Our adventure took place at Tualatin River National Wildlife Refuge. One of the few urban national wildlife refuges in the nation, Tualatin Refuge is situated on the outskirts of Portland, Oregon. The refuge, which is located within the Tualatin River's floodplain, is home to some of the most numerous and diverse species of animals in the watershed.

The interns and I stayed at a bunkhouse near the refuge and had a great time getting to know each other and sharing stories. Meeting the group of interns, all with similar interests in ecology and the type of work that the Service does, was fun and helped me validate my own conservation career interests. I am really hoping to do unique research after I graduate and pursue a master’s degree or PhD. This summer’s internship has helped me understand the difference between taking an academic career path versus a management route. I would really love to do research that helps managers by understanding how habitat changes can affect the plants and animals they are trying to protect.   

The next morning we drove over to the refuge to meet the staff and gear up for the day. After introductions and a short presentation and demonstration on our jobs, we all got to work planting.  We planted three species of trees; black hawthorn, western crabapple, and black twinberry. These saplings will grow up and serve as a place for shade, food, help with erosion, and so much more!

Later that day we did some invasive species monitoring, including some habitat closed to the public. Wapato Lake Wildlife Refuge is separate from Tualatin but remains essential to the Tualatin River wildlife complex. The refuge was recently established in 2013 and exists as great habitat for a variety of wildlife, particularly the numerous migrating ducks that stop-over in the winter. It has over 900 acres of continuous protected territory and possesses an intermittent lake not present in the summer.  Part of protecting this great habitat includes monitoring for invasive plants, or those that do not belong here.  Invasive plants grow aggressively and spread quickly, changing the habitat that our native plants and animals rely on. Tualatin and Wapato do not have many invasive plants because the staff works really hard to find them and remove them as soon as possible. Because of the refuge staff’s hard work, this really is an amazing wildlife oasis.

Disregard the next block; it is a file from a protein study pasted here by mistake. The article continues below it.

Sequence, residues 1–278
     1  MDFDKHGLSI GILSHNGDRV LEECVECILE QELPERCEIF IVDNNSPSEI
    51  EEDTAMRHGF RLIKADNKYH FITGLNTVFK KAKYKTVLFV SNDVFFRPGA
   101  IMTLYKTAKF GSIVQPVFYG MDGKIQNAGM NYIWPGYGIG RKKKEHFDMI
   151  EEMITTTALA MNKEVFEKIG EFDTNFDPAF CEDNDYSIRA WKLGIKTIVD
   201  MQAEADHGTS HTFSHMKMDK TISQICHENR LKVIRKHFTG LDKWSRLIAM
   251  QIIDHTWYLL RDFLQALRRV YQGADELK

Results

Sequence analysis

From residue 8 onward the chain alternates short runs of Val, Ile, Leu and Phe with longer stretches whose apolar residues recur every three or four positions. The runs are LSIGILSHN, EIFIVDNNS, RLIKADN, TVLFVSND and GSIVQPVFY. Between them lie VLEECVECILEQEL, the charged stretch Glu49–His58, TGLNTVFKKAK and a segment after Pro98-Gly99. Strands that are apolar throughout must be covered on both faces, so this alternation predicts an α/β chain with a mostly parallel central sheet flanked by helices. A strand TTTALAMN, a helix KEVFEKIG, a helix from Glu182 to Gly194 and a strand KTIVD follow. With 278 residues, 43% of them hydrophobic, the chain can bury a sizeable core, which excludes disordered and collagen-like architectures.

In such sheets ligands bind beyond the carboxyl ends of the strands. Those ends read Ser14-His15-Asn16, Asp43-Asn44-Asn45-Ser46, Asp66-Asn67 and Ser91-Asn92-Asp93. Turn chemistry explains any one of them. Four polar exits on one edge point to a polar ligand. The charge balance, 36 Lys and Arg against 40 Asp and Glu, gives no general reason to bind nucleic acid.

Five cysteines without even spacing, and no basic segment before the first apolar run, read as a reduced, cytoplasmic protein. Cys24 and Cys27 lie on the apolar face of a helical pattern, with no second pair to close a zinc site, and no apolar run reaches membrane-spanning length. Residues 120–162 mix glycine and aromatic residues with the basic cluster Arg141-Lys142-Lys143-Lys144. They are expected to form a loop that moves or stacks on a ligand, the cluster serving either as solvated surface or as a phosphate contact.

At Wapato Lake, we learned how to use a mapping app to inventory invasive species. We were specifically looking for purple loosestrife and an invasive species of grass that the refuge needs to monitor.  Purple loosestrife is actually quite pretty, but it is a vigorous plant that crowds out marsh vegetation needed by wildlife for food and shelter. Decreased waterfowl and songbird production has been documented in heavily infested marshes, where purple loosestrife has displaced most of the native vegetation. Our work removing the plant at Wapato Lake was an effort to prevent this from happening.

From collaboration to learning new technology to getting our hands dirty: this was a great trip in a beautiful location, nestled in an otherwise urban area.  Thanks to the Service and the MANRRS program for the good times and invaluable experience!